Saying Goodbye: Sorrowful, Yet Always Rejoicing
As we approached the front steps to the small Episcopal church in rural Washington, we saw a line of people patiently waiting to enter. I wondered: why a line? The memorial didn’t start for 20 minutes. So, we joined the line and waited quietly.
The rain gently sprinkled down on our shoulders and the shoulders of those around us. God’s tears of joy and sorrow. Just like the tears of peace, joy, and sorrow of those who loved this woman. Tears of peace that she would no longer suffer the pain. Tears of joy that she had gone home to dance with the Lord. But, tears of sorrow for the loss of such a joyful, loving, and compassionate woman. A woman who had left God’s thumbprint on so many.
When we made it to the door of the tiny church, we saw the reason for the wait: standing room only. I thought, this was a full life. A life that touched others in her community. The life of a woman who left God’s thumbprint on others.
The priest, dressed in his white and gold trimmed vestment led the service. White. The liturgical color for celebration in the Episcopal church. The celebration of life, but also the death and resurrection that we share with Christ.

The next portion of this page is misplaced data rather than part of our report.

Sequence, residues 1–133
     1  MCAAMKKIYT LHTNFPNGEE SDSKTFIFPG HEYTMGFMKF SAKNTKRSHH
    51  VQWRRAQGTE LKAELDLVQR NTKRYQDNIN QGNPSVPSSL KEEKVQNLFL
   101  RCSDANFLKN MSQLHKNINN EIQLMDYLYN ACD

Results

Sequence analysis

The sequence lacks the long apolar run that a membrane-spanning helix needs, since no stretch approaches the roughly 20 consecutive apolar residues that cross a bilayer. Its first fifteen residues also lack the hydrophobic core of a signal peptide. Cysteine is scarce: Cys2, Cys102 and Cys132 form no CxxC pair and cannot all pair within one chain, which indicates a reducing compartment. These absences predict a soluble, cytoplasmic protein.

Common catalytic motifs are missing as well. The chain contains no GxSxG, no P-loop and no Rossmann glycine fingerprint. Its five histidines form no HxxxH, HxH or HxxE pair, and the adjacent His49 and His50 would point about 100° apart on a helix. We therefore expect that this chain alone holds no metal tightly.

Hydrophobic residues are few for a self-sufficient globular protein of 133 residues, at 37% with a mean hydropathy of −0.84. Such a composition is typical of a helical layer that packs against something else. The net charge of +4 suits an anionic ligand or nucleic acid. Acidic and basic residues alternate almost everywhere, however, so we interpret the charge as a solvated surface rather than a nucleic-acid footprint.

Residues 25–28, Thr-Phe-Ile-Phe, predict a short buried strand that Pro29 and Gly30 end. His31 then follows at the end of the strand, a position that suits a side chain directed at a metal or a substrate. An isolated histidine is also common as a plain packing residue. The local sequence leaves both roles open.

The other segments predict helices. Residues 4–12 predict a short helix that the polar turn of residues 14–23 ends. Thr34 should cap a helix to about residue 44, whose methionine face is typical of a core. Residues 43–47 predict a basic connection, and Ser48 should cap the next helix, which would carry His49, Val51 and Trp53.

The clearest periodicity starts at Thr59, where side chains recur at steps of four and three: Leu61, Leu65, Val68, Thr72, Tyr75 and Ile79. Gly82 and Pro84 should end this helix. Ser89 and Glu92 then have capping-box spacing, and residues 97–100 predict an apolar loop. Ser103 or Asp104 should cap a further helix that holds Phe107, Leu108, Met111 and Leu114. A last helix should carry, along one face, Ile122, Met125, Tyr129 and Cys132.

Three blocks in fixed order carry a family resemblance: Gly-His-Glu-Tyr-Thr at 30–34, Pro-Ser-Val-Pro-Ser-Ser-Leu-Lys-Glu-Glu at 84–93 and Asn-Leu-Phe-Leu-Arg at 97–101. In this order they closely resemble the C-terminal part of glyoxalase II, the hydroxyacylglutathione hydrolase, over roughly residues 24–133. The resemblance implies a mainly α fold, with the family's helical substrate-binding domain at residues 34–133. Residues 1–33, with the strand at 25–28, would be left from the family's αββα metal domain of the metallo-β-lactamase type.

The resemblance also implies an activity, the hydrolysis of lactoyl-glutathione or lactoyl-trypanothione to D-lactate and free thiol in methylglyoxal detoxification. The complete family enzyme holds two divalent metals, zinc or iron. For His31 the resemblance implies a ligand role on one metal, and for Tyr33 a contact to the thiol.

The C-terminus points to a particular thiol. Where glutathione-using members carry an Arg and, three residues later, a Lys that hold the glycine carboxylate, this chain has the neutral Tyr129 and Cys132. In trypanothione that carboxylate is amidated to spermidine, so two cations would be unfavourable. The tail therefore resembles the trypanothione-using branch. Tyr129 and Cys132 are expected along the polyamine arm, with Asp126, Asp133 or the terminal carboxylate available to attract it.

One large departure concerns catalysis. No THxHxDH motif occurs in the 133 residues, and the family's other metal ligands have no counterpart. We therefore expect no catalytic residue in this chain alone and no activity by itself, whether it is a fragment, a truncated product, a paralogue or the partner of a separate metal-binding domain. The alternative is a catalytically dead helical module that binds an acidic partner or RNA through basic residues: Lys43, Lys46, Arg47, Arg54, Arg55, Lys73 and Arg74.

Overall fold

But, in the eyes of the man who led us in the celebration–through scripture readings, hymns, prayer and the Eucharist,–I saw sorrow and grief. Tears and deep sadness. The same sadness I saw in her family and friends.
He spoke of hope–the hope and promise of Christ. And, as I saw his eyes momentarily well up with tears, I wondered: in times like these, does a priest, who grieves just like me, also cling desperately to hope? Rely on hope–the hope of life everlasting, the hope of God’s mercy and grace, the hope that God will walk through the valley of the shadow of death with those who grieve.
I think he must cling to hope, and the promise of Christ. And, as I see his eyes well up again, I hear God’s voice:
“sorrowful, yet always rejoicing”
We need to grieve. We need tears of sorrow, whether we are family, friends, or the priest who must stand before us all, in his own grief, and lead us in the celebration of life and death. But, we must rejoice always in the hope and promise of Christ’s death and resurrection.
As I walk out of the church, the raindrops again gently fall on our shoulders. God’s tears of peace, joy, and sorrow. I hug my sister and ask how everyone is doing. I don’t recall her exact answer, but I think, “sorrowful, but still rejoicing. Amen.”